Auteurs : Jean-François Briand, Aude Barani (MIO), Cédric Garnier (futur MIO), Karine Réhel, Félix Urvois, Christophe LePoupon, Agnès Bouchez, Didier Debroas, Christine Bressy
First Online :: 03 April 2017
DOI : 10.1007/s00248-017-0966-2
Surface colonization in seawater first corresponds to the selection of specific microbial biofilm communities. By coupling flow cytometry, microscopy and high throughput sequencing (HTS, 454 pyrosequencing) with artificial surfaces and environmental analyses, we intend to identify the contribution of biofilm community drivers at two contrasted French sites, one temperate and eutrophic (Lorient, Atlantic coast) and the other at a mesotrophic but highly contaminated bay (Toulon, North-Western Mediterranean Sea). Microbial communities were shaped by high temperatures, salinity and lead at Toulon by but nutrients and DOC at Lorient. Coatings including pyrithione exhibited a significant decrease of their microbial densities except for nanoeukaryotes. Clustering of communities was mainly based on the surface type and secondly the site, whereas seasons appeared of less importance. The in-depth HTS revealed that γ- and α-proteobacteria, but also Bacteroidetes, dominated highly diversified bacterial communities with a relative low β-diversity. Sensitivity to biocides released by the tested antifouling coatings could be noticed at different taxonomic levels : the percentage of Bacteroidetes overall decreased with the presence of pyrithione, whereas the α/γ-proteobacteria ratio decreased at Toulon when increased at Lorient. Small diatom cells (Amphora and Navicula spp.) dominated on all surfaces, whereas site-specific sub-dominant taxa appeared clearly more sensitive to biocides. This overall approach exhibited the critical significance of surface characteristics in biofilm community shaping.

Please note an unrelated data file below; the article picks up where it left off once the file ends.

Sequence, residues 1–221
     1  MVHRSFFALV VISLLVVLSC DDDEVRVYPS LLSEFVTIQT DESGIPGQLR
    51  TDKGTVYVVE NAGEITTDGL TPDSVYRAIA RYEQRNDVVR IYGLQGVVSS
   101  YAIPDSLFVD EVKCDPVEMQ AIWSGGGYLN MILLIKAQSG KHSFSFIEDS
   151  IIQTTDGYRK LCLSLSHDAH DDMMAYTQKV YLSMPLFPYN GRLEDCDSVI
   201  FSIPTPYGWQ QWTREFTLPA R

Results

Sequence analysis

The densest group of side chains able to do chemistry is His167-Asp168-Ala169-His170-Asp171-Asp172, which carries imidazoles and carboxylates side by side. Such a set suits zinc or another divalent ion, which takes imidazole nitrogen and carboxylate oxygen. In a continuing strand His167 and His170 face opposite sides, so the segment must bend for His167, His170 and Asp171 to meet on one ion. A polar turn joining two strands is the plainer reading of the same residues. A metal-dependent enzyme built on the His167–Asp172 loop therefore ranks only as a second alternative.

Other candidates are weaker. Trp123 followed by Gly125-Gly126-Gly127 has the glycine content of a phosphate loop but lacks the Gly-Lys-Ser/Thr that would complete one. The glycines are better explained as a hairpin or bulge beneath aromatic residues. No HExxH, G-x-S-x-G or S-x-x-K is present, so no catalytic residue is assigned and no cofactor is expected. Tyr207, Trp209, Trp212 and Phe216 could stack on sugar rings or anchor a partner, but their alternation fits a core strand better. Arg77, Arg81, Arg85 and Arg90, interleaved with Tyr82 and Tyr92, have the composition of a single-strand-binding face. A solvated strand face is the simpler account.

Keywords : Marine biofilm Biofouling Environmental factors High throughput sequencing Flow cytometry Microbial ecotoxicology